The First Folio

The First Folio (Photo: Luna)

One week ago, we announced the selected cities for the Traveling Tour of First Folios, and it was immediately posted on Facebook. Within a few days, there were nearly 200 comments. We were amazed at the ecstatic reactions. Here are some of the best:

  • Finally, I’ll get to see one. It’s been on my bucket list for some time. Love Shakespeare. 
  • Man, I have to go 100+ miles to see it? So be it.
  • I’ll have to go to Providence RI to see it – it’s so close! What an experience & privilege! 
  • Let’s go together when it comes! 
  • Yay! I can’t wait to for it to come to CLE!! 
  • Road trip to Detroit! My old stomping grounds: Wayne State, Detroit Institute of Art and Detroit Public Library. Wonder when folio will be there??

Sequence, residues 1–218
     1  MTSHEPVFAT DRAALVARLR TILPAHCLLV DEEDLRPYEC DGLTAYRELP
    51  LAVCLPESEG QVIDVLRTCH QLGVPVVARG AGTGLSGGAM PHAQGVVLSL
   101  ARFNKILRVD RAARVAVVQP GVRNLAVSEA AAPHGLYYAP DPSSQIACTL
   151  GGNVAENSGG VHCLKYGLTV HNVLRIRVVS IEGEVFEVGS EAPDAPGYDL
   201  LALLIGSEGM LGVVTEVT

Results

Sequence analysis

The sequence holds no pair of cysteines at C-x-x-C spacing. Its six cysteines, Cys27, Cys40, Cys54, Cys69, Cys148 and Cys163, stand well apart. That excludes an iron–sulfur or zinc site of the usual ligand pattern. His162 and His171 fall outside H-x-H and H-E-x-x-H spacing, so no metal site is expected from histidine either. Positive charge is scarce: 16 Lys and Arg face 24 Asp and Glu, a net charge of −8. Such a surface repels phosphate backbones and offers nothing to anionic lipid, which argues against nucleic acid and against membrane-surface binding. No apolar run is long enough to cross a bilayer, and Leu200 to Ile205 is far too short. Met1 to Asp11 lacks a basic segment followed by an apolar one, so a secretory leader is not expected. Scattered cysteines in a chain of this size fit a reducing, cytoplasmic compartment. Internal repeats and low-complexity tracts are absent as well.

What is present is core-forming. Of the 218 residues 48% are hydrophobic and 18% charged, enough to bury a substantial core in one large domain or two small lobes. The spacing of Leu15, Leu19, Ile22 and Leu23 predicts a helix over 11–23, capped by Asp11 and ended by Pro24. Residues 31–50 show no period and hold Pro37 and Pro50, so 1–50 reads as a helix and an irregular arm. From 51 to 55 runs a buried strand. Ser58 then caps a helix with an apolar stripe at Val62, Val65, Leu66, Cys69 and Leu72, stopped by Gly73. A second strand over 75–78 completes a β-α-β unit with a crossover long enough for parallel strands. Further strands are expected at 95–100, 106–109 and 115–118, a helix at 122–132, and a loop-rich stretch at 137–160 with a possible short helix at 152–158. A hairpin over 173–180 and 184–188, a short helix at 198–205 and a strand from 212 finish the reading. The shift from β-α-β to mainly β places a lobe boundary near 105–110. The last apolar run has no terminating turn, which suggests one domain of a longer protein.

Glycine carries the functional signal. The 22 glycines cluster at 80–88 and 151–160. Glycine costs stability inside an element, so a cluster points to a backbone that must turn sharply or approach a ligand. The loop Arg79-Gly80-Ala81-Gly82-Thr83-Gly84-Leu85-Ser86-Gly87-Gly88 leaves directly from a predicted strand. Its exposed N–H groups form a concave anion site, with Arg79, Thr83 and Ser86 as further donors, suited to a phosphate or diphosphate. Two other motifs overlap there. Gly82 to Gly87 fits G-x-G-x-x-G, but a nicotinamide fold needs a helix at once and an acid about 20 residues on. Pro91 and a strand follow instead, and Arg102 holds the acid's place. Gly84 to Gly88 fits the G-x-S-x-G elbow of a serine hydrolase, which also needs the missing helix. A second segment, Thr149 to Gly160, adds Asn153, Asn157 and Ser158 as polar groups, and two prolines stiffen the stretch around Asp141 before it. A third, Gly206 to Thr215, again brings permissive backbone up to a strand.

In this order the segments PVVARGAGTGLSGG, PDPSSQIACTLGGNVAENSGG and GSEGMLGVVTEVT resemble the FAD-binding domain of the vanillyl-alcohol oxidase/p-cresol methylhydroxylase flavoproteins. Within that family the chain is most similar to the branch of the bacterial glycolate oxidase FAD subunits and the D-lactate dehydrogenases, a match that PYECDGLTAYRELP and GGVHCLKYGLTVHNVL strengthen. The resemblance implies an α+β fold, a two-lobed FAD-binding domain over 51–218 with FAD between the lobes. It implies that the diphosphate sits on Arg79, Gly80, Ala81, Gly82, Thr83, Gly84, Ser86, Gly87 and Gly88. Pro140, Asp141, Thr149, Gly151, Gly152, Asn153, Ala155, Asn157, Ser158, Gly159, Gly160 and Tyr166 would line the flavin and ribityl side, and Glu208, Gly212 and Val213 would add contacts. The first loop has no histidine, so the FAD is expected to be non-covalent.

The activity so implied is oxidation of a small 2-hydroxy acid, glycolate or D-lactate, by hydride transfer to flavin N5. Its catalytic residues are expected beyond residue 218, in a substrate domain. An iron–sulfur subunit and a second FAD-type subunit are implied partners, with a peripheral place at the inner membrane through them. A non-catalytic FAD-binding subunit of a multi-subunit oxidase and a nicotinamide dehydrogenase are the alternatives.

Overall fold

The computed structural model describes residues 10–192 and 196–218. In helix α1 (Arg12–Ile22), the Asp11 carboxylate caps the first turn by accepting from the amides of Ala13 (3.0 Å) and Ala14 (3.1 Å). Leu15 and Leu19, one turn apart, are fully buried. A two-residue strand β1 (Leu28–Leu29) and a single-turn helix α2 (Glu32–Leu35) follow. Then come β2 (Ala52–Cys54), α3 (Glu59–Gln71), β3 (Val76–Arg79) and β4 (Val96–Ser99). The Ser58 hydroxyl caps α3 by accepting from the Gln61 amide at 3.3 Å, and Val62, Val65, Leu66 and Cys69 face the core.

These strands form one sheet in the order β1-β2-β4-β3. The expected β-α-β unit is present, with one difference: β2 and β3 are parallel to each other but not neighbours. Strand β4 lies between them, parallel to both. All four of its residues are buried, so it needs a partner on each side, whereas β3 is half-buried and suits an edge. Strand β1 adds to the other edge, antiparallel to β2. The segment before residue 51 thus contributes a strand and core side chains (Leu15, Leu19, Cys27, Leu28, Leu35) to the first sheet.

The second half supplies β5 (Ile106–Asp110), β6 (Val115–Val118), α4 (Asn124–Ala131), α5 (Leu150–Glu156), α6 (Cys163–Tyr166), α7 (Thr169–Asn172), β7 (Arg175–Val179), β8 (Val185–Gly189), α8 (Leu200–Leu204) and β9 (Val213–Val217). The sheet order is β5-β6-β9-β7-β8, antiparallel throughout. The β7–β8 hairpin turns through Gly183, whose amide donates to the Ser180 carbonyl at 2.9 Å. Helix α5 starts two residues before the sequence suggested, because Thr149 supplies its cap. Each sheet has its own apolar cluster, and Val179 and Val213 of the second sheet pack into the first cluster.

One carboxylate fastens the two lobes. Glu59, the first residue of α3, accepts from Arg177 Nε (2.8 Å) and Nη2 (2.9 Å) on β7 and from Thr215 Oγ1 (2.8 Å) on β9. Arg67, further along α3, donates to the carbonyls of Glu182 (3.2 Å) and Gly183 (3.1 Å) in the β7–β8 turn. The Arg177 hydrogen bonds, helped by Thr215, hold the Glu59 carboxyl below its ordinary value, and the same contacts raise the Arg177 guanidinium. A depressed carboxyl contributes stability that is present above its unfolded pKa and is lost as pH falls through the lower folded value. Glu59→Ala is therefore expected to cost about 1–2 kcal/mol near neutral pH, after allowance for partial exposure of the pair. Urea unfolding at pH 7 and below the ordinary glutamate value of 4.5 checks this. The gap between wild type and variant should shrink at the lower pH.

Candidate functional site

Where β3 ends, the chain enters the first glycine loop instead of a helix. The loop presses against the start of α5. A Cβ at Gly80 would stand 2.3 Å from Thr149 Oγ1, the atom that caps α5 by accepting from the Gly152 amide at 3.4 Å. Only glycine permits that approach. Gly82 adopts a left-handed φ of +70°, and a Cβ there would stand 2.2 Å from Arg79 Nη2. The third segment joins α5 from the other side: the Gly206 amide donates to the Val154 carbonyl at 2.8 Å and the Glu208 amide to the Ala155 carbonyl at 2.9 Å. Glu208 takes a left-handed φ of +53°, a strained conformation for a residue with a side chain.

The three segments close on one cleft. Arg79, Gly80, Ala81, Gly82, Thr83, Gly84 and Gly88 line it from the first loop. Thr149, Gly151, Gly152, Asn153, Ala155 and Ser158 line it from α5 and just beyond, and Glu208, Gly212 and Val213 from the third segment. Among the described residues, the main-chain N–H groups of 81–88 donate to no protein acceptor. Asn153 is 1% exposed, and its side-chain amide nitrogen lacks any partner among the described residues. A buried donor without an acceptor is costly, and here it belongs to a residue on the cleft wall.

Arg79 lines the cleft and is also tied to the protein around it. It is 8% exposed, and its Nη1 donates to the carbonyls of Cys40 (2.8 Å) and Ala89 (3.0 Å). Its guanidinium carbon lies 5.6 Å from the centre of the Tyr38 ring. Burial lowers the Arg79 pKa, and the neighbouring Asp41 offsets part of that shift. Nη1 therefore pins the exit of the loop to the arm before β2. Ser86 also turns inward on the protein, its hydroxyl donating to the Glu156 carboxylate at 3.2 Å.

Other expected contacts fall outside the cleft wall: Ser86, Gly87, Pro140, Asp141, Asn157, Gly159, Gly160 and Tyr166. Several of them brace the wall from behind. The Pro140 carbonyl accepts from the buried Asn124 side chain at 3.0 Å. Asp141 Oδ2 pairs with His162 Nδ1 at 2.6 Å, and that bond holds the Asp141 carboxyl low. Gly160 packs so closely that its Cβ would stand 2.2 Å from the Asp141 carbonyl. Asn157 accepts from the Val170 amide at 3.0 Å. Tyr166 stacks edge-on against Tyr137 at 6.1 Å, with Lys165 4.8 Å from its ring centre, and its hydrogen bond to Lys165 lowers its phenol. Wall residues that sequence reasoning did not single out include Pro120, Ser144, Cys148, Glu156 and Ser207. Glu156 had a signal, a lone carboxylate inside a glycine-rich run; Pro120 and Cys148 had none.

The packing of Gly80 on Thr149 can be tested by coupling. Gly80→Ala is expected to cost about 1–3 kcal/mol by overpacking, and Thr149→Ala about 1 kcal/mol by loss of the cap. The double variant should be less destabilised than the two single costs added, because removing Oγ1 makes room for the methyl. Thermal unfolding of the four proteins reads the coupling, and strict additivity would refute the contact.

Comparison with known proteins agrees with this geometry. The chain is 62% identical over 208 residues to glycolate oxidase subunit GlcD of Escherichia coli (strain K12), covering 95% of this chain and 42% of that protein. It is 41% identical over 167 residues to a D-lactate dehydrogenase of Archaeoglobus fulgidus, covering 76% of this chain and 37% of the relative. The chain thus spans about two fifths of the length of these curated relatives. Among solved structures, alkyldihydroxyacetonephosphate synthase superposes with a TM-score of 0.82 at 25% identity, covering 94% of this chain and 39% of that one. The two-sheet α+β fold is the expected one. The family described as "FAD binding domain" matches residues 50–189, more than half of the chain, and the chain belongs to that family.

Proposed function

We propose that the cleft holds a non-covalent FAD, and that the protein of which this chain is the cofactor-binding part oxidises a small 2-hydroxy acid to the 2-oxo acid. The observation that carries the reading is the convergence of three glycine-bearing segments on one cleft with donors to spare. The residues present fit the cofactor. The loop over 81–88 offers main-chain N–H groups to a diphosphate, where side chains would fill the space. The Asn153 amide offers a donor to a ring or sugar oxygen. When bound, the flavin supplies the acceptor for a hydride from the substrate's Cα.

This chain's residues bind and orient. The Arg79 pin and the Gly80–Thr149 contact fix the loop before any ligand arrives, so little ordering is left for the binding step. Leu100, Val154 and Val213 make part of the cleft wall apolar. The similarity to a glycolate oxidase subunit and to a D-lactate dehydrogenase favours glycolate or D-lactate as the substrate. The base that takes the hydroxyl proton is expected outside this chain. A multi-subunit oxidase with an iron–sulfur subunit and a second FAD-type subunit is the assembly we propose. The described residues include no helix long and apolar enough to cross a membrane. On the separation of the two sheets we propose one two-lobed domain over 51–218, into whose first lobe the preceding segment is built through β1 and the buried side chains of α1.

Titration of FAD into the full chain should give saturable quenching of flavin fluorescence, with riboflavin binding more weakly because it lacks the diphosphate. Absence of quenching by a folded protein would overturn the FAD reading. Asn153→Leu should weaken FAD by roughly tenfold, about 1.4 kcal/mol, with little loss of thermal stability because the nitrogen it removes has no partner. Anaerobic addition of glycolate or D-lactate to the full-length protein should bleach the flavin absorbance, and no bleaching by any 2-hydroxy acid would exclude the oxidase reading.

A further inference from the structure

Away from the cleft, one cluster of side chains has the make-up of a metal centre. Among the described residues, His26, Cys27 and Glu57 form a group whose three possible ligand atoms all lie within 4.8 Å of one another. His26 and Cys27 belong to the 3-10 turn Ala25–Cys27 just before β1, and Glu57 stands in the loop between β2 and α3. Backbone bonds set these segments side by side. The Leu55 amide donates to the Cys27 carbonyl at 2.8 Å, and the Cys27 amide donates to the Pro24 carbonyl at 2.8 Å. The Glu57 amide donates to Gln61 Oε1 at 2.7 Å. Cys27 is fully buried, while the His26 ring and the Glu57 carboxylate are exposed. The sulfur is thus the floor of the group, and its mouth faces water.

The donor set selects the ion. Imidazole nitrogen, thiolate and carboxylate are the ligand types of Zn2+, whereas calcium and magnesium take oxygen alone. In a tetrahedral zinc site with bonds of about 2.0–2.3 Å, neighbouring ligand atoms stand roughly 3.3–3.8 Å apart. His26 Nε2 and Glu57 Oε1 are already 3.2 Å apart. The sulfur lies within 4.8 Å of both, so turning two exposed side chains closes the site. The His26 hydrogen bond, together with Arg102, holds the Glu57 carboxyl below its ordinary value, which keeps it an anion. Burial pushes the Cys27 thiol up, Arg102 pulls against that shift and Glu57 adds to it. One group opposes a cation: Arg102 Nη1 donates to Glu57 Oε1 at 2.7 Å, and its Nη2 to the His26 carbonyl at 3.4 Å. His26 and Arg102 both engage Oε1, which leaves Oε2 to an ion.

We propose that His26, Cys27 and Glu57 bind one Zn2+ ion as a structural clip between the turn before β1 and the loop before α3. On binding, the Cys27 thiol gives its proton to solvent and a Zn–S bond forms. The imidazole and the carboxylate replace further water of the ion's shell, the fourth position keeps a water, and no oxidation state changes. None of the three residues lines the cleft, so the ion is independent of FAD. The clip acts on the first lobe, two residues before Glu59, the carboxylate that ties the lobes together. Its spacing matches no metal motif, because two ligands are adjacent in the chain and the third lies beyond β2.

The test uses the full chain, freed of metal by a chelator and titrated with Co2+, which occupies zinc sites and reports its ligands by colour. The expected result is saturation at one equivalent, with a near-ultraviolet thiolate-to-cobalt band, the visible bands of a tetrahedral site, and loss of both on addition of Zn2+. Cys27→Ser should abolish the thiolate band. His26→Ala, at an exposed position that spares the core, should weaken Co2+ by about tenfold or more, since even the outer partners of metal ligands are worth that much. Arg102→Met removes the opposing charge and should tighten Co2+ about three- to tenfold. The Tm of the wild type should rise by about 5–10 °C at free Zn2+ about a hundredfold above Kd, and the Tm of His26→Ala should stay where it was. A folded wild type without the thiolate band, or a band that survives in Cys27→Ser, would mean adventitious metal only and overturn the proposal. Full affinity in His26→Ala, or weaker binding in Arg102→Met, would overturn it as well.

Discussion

• It’s coming to little ol’ nowhere Vermillion, SD! 
  • When are we going? FIELD TRIP! 
  • Madison Wisconsin!!!! 
  • Close enough to home-Norman, OK 
  • This elicited a gasp from me that caused everyone in the room to look up! Go KC! 
  • Wonder of wonders, the Cleveland Public Library will get a visit. 
  • Woo hoo! San Diego! 
  • Yet another reason to relocate to Tucson by next year! 
  • It’s time to plan a 2016 road trip 
  • Kansas City yes!!! 
  • Cool, maybe I will go see it in Boulder! 
  • Elizabethtown College, Elizabethtown, Pa. Is very convenient from where I live. 
  • Know you are excited that it is coming to Raleigh! 
  • Yay! If I can make it out there, I’ll visit the Folio in Amherst! What a pleasure! I have a facsimile copy, but seeing the real thing is a dream. I hope it has an aroma. 
  • I heard 2016 in San Diego. Very exciting. 
  • The Parthenon will be the perfect venue in Nashville, with Athena’s gratitude. 
  • Wilmington is one of the cities scheduled. Yay. 
  • Conway AR!!! Yeah!